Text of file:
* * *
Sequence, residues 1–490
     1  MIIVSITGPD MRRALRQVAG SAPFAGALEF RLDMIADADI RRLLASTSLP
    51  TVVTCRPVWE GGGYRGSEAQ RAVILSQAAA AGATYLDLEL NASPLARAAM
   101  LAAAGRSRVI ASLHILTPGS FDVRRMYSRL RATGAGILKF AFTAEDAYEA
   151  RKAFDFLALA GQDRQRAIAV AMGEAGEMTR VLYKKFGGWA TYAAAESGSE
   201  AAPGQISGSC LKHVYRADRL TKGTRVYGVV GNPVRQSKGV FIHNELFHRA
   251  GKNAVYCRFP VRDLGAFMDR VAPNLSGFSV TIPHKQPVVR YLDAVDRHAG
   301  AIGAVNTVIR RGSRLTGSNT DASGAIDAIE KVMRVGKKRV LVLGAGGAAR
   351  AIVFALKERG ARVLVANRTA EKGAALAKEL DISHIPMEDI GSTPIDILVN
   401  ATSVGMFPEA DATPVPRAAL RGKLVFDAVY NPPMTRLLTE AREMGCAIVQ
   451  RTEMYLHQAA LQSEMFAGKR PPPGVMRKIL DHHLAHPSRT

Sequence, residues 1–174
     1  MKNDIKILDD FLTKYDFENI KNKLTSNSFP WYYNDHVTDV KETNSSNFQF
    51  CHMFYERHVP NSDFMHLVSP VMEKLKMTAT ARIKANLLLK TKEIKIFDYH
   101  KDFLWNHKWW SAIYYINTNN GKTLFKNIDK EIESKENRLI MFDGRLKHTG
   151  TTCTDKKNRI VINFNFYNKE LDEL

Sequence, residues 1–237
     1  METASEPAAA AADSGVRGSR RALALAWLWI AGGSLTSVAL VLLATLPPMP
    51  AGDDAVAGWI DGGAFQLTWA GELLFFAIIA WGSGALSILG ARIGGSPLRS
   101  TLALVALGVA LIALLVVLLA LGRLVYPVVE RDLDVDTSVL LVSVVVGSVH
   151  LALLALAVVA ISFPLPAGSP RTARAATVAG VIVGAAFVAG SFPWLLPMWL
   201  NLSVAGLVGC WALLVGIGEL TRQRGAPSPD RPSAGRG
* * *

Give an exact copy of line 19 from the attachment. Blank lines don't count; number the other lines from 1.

    51  AGDDAVAGWI DGGAFQLTWA GELLFFAIIA WGSGALSILG ARIGGSPLRS